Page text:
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Martin van der Reit: The wrong man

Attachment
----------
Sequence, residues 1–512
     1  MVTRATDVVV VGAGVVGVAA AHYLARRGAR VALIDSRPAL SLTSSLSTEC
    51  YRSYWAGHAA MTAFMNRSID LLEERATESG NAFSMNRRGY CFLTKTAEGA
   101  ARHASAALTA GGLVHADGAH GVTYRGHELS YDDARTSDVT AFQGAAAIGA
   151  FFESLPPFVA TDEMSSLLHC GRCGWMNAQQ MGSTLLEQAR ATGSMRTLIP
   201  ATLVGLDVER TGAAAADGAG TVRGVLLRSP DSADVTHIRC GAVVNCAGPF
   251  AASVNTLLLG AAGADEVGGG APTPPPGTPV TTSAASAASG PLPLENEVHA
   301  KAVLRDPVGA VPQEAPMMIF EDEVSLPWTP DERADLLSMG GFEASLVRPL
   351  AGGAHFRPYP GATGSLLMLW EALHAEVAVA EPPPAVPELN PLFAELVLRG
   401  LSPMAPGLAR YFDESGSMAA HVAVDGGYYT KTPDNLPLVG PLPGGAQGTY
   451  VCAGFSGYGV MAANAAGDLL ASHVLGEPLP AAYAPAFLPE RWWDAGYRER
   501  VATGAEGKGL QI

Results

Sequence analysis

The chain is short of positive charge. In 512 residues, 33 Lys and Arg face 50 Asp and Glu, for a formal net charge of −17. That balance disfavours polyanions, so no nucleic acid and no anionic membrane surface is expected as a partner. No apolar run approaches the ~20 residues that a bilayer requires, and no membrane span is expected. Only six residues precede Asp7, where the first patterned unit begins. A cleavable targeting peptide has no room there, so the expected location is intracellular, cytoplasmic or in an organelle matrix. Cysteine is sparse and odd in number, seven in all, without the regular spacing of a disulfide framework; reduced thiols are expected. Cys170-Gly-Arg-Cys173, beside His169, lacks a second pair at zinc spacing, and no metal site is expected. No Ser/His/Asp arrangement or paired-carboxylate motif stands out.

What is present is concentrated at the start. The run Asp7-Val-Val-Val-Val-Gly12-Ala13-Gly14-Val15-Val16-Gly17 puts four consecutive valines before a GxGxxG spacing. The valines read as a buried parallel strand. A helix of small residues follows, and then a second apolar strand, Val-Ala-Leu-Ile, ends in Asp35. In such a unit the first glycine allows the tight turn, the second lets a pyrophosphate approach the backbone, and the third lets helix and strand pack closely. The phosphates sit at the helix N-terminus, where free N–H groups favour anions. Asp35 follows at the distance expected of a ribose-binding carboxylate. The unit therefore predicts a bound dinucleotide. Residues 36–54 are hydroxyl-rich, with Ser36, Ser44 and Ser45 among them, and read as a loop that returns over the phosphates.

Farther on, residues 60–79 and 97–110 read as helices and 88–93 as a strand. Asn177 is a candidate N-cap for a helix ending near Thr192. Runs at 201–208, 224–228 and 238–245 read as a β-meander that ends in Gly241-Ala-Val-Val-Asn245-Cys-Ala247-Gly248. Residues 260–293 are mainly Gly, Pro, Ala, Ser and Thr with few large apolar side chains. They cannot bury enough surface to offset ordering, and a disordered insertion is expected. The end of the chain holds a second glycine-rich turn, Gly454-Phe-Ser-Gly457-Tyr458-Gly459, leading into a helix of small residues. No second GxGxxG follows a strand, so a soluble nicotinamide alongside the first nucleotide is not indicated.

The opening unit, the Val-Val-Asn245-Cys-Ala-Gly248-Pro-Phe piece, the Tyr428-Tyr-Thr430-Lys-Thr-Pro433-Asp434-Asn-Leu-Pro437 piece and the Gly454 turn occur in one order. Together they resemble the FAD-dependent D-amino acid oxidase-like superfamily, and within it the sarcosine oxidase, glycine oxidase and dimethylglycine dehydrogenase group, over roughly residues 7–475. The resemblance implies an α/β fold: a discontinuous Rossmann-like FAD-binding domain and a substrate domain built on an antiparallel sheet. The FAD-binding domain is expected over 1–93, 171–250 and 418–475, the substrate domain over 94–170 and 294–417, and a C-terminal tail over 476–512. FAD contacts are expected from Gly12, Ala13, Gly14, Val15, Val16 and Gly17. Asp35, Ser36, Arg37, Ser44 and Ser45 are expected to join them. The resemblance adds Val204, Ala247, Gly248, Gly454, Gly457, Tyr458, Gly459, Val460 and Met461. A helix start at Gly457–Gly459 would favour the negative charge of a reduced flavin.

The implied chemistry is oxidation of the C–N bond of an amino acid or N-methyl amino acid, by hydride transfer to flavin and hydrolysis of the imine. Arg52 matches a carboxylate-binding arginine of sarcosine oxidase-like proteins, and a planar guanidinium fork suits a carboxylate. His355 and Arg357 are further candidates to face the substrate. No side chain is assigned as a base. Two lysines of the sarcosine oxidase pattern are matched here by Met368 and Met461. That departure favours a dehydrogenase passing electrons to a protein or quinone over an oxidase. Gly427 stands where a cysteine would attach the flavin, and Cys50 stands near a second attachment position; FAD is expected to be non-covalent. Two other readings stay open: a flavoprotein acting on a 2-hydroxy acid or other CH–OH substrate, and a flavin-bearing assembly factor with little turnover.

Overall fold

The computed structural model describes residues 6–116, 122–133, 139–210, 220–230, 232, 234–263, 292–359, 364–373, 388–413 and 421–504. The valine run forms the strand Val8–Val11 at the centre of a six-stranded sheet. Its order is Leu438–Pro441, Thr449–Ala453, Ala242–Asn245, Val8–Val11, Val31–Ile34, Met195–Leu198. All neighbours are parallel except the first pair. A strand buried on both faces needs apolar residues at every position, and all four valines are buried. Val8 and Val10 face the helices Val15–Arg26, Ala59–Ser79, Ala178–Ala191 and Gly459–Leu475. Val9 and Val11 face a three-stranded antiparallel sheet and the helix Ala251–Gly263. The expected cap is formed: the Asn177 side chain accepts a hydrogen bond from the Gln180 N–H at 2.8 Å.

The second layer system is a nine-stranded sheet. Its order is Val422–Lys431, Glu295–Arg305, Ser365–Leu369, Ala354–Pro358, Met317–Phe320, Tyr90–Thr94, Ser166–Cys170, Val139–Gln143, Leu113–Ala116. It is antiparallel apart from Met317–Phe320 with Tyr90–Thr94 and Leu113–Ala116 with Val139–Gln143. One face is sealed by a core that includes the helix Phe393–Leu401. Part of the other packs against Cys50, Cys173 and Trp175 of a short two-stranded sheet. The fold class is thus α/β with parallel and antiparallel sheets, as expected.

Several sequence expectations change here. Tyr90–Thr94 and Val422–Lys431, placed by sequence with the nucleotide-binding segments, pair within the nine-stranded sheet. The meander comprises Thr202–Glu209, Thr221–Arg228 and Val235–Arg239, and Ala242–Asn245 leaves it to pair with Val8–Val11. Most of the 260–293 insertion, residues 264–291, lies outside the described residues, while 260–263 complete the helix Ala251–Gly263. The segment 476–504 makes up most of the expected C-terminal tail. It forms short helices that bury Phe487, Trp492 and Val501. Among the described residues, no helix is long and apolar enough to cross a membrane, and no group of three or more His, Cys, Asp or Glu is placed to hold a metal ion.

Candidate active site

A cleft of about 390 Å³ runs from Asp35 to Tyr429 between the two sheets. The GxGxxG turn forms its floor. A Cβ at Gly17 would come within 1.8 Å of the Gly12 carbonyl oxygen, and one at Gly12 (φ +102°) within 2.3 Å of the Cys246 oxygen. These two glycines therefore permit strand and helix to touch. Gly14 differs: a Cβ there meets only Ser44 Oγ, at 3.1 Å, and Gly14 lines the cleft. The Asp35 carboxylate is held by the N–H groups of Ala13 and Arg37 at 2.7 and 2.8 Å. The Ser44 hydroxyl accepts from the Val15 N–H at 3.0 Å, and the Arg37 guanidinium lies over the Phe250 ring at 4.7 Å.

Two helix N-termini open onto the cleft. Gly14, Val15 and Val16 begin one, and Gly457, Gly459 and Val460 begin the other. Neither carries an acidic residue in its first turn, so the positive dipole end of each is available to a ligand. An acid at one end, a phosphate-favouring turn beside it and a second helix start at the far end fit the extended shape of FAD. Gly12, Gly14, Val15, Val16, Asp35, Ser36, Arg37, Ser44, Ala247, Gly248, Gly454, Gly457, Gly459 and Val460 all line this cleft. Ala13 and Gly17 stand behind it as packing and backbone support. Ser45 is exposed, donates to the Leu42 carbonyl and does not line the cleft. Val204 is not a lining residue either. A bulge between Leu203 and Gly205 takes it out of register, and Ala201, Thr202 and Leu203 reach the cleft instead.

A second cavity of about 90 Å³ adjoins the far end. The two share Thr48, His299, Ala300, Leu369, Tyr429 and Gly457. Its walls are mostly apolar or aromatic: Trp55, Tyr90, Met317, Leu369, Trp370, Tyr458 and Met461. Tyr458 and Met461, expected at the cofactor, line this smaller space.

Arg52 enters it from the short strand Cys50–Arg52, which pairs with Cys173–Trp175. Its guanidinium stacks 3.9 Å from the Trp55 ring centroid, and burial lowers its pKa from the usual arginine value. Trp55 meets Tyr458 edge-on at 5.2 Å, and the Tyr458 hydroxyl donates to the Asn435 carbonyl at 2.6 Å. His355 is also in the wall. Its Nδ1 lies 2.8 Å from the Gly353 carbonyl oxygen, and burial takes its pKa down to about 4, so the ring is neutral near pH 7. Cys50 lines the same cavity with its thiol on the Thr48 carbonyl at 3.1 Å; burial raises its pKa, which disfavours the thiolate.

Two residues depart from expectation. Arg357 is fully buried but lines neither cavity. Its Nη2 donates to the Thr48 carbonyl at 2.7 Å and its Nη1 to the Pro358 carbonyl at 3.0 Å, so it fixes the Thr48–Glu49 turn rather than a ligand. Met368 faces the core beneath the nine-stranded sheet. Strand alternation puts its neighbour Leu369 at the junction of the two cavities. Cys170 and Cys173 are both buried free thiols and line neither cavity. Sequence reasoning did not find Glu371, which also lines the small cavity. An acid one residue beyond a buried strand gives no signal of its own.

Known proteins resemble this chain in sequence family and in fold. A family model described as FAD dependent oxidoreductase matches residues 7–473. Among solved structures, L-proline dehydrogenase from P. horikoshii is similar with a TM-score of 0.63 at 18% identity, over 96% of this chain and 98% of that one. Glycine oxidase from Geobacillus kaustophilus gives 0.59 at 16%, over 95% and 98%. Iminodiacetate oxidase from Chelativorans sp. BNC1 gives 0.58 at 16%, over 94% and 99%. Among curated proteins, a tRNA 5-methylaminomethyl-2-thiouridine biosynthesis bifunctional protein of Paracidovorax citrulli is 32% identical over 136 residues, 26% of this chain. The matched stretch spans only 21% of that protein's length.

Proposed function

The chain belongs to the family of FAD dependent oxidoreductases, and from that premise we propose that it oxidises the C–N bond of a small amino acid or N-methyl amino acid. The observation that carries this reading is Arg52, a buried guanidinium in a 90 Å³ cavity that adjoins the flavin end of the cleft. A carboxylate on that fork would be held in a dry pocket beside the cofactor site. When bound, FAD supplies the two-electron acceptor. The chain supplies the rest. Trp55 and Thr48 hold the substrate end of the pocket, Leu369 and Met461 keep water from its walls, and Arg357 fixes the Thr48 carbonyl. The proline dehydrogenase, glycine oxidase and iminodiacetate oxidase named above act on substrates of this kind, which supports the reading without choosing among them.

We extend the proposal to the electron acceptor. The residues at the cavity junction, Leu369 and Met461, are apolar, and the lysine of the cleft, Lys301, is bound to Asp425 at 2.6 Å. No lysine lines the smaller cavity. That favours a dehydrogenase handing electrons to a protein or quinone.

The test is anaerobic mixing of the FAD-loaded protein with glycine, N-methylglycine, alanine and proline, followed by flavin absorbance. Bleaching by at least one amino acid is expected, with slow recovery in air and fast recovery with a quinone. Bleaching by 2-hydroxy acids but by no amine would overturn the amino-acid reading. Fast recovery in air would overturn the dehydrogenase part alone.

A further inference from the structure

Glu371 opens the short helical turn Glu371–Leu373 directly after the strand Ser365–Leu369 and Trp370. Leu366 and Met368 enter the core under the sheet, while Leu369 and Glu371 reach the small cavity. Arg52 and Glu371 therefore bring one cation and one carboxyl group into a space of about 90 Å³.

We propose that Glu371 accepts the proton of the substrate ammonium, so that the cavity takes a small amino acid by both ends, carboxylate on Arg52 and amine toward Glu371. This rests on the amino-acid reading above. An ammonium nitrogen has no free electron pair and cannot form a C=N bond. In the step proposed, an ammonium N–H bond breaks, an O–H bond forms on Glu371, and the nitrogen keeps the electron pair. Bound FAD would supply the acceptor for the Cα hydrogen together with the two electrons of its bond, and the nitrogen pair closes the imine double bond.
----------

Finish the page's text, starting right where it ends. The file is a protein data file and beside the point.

Wed 5 May 2004 In: Community